Chandler said it was great to have Anthony bail out the offense with his usual aggressive attacks to the rim that forced the defense to put him on the foul line, but added the offense still needs to match the efficiency of their defense.
“Ball movement stalled and Melo carried us for a stretch when he got hot. In the end he made enough to save us,” Chandler said. “It was definitely a physical game, but the offense will come. We struggled, but that’s how it’s going to be at times when you’re playing one of the top teams in the conference.”
Overall, Chandler, who was brought in to change the culture of the once-lackadaisical defense, said he’s more than happy to win this way -- for now.
“We did a great job at communicating. We’re being smart about it now,” Chandler said. “Earlier in the season guys were attacking the glass, but not getting back on defense. But now we have one or two guys getting back at all times.”
The collective basketball IQ of the team has been raised this year, said D’Antoni.
“It’s been a rough couple of games, but we’ll take it. When you get good defensive players you play good defense, there’s no secret to it. Guys are buying in and Tyson and Iman are the catalyst. When guys see them do it they buy into it and it raises the intensity,” D’Antoni said, adding the game was very important to get considering how tight the Atlantic Division is. “This was a big game [because] it was in our division. It was almost like it counted twice, one good for us and one bad for them.”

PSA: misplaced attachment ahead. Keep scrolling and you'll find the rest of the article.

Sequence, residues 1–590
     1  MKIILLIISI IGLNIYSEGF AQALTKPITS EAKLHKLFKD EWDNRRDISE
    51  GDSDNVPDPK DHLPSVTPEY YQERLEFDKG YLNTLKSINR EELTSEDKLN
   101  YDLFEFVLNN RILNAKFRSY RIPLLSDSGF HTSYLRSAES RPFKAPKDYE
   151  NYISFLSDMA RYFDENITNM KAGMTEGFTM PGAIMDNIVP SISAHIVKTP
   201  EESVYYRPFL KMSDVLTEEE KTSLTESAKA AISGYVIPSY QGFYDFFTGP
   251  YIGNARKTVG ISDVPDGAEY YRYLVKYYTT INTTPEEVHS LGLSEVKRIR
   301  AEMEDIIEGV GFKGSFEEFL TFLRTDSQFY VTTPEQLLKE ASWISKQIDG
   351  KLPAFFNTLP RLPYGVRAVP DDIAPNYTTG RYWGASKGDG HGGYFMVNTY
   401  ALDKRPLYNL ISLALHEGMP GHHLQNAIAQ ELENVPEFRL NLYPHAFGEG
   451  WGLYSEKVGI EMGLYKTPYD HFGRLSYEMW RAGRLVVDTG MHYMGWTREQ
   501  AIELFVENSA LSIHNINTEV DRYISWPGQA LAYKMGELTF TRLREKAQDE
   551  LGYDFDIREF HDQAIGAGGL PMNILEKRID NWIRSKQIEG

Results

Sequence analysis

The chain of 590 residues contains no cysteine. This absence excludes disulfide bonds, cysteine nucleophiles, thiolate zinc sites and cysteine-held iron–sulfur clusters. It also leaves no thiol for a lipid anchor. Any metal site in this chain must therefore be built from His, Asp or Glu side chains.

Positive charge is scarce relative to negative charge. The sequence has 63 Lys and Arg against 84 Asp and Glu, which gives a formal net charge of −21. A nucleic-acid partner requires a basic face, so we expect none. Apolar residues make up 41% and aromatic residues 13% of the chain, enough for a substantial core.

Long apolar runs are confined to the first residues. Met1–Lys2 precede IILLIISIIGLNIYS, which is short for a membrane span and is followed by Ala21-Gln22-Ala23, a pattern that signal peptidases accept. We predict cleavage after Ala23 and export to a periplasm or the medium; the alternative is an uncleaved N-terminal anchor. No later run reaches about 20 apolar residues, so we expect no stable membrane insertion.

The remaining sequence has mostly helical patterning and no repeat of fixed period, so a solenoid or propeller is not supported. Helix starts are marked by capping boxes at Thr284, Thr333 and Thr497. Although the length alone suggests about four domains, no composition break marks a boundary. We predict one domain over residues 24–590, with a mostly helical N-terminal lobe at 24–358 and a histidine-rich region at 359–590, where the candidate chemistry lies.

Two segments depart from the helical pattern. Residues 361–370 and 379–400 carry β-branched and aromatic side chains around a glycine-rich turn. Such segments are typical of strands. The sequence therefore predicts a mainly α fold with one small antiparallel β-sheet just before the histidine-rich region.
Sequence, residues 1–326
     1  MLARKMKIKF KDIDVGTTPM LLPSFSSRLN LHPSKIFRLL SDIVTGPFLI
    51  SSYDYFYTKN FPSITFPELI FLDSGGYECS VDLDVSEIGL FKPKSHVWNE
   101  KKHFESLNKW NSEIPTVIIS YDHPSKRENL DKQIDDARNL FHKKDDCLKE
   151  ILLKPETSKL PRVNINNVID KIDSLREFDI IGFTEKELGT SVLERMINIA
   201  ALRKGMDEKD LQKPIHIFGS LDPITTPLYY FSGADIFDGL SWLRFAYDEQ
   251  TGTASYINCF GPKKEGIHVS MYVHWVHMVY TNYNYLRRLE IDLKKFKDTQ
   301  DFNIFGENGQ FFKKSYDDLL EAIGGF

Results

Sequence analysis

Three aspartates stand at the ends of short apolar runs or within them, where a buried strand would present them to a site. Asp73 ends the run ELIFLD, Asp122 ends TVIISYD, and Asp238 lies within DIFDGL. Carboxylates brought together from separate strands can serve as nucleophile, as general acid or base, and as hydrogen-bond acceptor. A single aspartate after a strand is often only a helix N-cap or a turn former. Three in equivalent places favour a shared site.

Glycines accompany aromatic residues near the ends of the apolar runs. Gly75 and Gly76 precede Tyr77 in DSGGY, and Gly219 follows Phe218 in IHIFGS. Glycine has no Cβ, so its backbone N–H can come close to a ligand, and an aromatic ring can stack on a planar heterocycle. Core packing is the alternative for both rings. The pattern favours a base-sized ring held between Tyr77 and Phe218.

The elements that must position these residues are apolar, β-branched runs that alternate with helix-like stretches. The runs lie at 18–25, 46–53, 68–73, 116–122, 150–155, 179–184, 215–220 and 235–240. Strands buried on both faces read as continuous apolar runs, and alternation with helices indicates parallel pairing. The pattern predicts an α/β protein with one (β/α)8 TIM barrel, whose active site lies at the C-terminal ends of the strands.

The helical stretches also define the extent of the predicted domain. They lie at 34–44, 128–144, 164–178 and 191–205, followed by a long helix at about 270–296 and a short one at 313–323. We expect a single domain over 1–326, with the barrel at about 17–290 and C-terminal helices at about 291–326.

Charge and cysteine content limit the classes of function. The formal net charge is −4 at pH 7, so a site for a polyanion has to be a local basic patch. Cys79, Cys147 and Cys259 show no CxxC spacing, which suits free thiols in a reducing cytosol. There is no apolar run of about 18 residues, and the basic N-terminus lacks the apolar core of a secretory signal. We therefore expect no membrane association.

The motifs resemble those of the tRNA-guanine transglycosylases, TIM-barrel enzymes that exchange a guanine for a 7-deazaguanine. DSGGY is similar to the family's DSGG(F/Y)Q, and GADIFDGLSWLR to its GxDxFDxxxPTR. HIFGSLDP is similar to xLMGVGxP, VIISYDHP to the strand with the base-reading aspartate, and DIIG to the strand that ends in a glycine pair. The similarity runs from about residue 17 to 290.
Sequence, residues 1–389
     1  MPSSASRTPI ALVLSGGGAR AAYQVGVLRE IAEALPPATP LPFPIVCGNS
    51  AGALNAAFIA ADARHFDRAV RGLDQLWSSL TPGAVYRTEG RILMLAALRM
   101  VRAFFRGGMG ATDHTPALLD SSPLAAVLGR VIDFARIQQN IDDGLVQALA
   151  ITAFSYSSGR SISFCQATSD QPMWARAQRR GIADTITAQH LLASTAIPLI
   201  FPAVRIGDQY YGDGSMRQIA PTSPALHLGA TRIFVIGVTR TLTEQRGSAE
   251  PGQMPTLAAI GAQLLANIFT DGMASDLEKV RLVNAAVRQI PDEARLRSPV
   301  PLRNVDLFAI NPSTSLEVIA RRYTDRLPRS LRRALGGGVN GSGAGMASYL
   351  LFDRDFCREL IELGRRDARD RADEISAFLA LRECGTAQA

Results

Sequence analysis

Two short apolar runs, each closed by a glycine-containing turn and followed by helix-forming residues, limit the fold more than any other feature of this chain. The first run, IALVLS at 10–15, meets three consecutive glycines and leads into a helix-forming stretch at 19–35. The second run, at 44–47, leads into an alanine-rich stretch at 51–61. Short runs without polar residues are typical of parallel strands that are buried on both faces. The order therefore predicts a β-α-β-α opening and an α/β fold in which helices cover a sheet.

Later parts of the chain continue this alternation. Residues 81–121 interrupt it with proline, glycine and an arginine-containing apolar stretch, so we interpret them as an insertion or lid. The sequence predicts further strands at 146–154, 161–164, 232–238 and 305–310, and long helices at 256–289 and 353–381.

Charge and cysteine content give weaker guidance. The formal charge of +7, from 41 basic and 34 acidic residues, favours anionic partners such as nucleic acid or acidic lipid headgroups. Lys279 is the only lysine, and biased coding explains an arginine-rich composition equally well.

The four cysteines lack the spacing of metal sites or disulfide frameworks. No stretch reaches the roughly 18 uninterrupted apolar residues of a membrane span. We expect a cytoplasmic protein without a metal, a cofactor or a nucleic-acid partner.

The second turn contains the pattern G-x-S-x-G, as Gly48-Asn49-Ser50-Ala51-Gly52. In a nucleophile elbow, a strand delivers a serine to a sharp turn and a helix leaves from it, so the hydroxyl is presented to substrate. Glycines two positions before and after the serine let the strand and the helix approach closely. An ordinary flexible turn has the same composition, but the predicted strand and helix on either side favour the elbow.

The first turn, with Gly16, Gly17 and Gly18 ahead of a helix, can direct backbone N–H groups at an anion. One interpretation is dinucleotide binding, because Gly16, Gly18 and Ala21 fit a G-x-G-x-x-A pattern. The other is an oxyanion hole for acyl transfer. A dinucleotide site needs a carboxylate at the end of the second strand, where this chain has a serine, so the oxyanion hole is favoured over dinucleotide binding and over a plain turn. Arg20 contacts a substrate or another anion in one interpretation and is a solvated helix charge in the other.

» Harrellson said he’s been encouraged as much as Shumpert has by the veterans, as they’re constantly telling the soft-shooting big to fire away: “My teammates gave me confidence to keep shooting it, especially when they double-team either Melo, Amar’e or Tyson. Melo keeps telling me to shoot it from the corner because that’s where I’m usually open.
More so than his scoring tonight, Harrellson said he was most proud of the way he battled former all-star forward Elton Brand: “We’ve had a lot of good quarters because we’ve become a good defensive team. My mind was to keep him [Brand] out of the paint and thankfully his shots weren’t falling (four-of-11).”
» D’Antoni said people can sleep on his rookies all they want, but he’s not surprised with how much they’re already contributing: “I don’t think anything is a surprise. But [Shumpert’s] hands and strength on the defensive end is what is nice and what we noticed. And since he started we’ve won four in a row and I don’t think that’s a coincidence. We’ve added two really good pieces to go with the addition of Tyson.
» The Sixers shot a season-low 31 percent after the first quarter and also had a season-low in first-half points with 35. The Knicks forced seven turnovers in the opening quarter.
At one point the Knicks knocked down seven-straight threes, but cooled off considerably, finishing the game shooting 6-of-22 from behind the arc.
» Up next for the Knicks is a Thursday night nationally-televised game at Memphis.
Follow Knicks beat writer Tony Williams on Twitter @TBone8.